In 2015, United Nations set a series of goals to fight against poverty. The EU has taken the challenge and, within the topics brought to the table, it highlights the access to worthy housing and the problem with homelessness. The European network Feantsa urged to make effective policies to achieve the goals set before 2030.
At the European Union (EU) it is known that there are 219.9 million homes and that, in average, each home invests 40% of their incomes to pay housing. It is also known that 16.8% of the families (near 40 million) live overcrowded and 4.8% of the families (about 11 million) confront a deprivation situation at home. The figure is unknown, however, it is the number of people who live in the European Union that live on the street or don’t have a home.
This information is given by a survey made in 2017 of the European federation of national organisations that work with homeless people (Feantsa) and the French organisation Abbé Pierre, that warns about the increase of the people that sleep on the street in the European countries except in Finland. The calculation is not easy because there are not any common approaches to bring together these kind of figures.
In England, in a night recount made last year 4,751 people sleeping on the street were counted; in comparison to 2014, the figure has increased by 160%. In Germany, it is calculated that there are 860,000 homeless people and the figure has increased by 150% between 2014 and 2016. In Belgium, in 2016 3,386 people sleeping on the street were counted in only one night, 96% more than the previous year.
The goal of the EU is “to achieve inclusive, safe, resilient and sustainable cities and human settlements” and wants to guarantee before 2030 “that everyone has access to housing and appropriate basic, safe and affordable services”. This goal is one of the 17 approved goals in 2015 at the Sustainable Development summit of the United Nations and that was signed by 193 Member States.
Another goal accepted by the EU and the significant fight against homelessness is “to eradicate extreme poverty before 2030 to every person of the planet”, and “to reduce at least 50% of the people who live in poverty”. According to Feantsa, the lack of housing is maybe the most extreme and obvious representation of poverty in Europe, as well as one of the least discussed and visible problems of the public European policies. In this sense, it is also spoke about health and well-being because the lack of housing is directly related to health damage and it reduces the estimate life. Last year, for example, in Barcelona 57 people that lived or have lived on the street died; the average age is 59 years old.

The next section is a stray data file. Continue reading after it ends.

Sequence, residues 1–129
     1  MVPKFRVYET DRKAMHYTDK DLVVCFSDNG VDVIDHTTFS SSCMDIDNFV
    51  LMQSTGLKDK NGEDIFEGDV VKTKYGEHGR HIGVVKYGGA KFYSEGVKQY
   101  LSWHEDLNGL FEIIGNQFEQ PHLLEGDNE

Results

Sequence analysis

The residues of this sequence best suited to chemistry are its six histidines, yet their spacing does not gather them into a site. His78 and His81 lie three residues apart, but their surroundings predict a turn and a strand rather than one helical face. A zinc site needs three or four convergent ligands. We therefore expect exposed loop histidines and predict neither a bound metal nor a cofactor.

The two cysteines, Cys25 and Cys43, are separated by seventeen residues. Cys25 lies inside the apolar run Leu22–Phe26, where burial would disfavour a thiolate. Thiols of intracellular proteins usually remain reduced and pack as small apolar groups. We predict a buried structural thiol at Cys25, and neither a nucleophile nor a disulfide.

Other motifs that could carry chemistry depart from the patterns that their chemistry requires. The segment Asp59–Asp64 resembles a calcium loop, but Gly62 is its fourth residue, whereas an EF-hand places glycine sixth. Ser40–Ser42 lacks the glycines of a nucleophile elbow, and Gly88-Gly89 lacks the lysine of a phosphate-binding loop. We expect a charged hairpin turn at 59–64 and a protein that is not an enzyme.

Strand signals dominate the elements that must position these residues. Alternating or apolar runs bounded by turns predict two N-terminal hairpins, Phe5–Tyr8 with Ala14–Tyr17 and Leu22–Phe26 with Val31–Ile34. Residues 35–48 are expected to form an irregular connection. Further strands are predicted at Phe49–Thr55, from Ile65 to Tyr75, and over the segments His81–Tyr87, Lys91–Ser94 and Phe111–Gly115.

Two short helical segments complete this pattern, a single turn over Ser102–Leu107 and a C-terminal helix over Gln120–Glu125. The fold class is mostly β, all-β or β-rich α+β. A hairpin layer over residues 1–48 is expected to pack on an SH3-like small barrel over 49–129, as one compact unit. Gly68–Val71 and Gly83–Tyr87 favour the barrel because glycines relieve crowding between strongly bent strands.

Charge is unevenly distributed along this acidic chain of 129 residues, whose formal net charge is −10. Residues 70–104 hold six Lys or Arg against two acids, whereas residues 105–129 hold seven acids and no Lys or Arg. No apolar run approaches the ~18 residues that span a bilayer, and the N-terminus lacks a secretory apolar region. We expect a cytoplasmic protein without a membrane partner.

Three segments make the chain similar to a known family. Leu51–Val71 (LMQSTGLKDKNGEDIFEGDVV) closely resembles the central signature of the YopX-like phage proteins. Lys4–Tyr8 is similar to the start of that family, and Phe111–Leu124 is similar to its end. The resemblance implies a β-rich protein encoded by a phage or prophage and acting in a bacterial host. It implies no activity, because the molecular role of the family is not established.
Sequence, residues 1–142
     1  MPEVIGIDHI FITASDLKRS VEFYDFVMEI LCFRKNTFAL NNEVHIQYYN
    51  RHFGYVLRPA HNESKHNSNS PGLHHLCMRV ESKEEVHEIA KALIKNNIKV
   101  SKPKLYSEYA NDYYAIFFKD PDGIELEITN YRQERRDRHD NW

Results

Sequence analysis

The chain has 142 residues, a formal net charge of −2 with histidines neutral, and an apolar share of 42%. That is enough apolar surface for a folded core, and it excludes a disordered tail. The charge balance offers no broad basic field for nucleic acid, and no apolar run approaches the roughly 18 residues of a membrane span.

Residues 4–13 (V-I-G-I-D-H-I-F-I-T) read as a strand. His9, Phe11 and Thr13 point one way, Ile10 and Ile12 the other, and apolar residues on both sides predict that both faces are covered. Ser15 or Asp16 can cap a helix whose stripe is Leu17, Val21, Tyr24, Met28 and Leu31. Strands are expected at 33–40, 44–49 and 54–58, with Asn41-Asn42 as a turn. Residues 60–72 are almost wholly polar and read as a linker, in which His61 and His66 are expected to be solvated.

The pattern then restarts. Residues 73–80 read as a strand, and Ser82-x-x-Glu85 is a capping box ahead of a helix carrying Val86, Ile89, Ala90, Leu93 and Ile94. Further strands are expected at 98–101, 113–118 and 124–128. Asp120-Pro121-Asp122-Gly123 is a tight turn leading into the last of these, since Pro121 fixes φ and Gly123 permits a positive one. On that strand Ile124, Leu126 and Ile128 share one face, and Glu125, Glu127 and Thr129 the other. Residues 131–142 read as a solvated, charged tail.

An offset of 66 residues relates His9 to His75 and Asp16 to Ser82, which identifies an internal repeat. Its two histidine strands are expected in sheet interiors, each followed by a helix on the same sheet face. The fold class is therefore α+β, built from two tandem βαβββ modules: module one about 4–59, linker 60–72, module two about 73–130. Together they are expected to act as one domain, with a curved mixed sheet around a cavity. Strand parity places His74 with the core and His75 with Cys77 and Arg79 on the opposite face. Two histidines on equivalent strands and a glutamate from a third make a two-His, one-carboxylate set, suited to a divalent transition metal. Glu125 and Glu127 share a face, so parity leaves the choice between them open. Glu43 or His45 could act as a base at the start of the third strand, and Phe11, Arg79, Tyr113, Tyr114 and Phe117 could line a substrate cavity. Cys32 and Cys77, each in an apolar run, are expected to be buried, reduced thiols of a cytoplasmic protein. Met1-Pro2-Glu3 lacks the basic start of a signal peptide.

It has been more than two years since the celebration of the United Nations summit and Feantsa claims progress and results from the EU:
- To know how many people sleep on the street and sizing the problem, as well as to set survey and standardisation mechanisms to know of what we are talking when we talk about homelessness in Europe.
- Sizing will allow to develop a European effective policy against homelessness. This action plan must walk away of the traditional assisting model that gives priority the access to shelters, according to Feantsa.
- More real compromise and more effective actions. To make visible the problem, it should create an increase of the investments and resources in the local area. At the same time, the EU should make a tracking of the actions put in place by the Member States and monitor the results.
- All the initiatives should have mainstreaming vocation and should be assimilated in other sectoral policies, like the ones intended to young people, migrants or to jobs.
We have to stop talking about “managing the lack of housing” and start acting to “end with the lack of housing”, said recently Leilani Farha, in representation of the United Nations, in a meeting organised by the European network Feantsa that gathered more than 350 governmental and non-governmental organisation leaders that fight against homelessness. For its part, Feantsa director, Freek Spinnewijn, emphasized the fact that most of the policies driven so far by the European Union have not been proved efficient and they have not been seen by the people interested in them.
In this context, from Feantsa, some urgent challenges were proposed to some governments, social entities and citizens in general:
- Relocation offer must be immediate, anyone should not live on the street more than two days.
- To criminalise and punish someone who lives on the street has only one consequence: it alienates homeless people of the possibility to improve their situations.
- Each time more women are living on the street and homeless women are a doubly vulnerable group. We have to start up prevention and alert policies, to avoid the increase of the number of women living on the street and to detect and take action against possible abuses.
- It is necessary to pay special attention to migrant women: to modify social benefit systems so they can bear in mind migrant people, to increase resources and to improve the legislation and the visa and asylum policies.
Read the survey about the access to housing exclusion in Europe, of the Abbé Pierre and Feantsa foundation.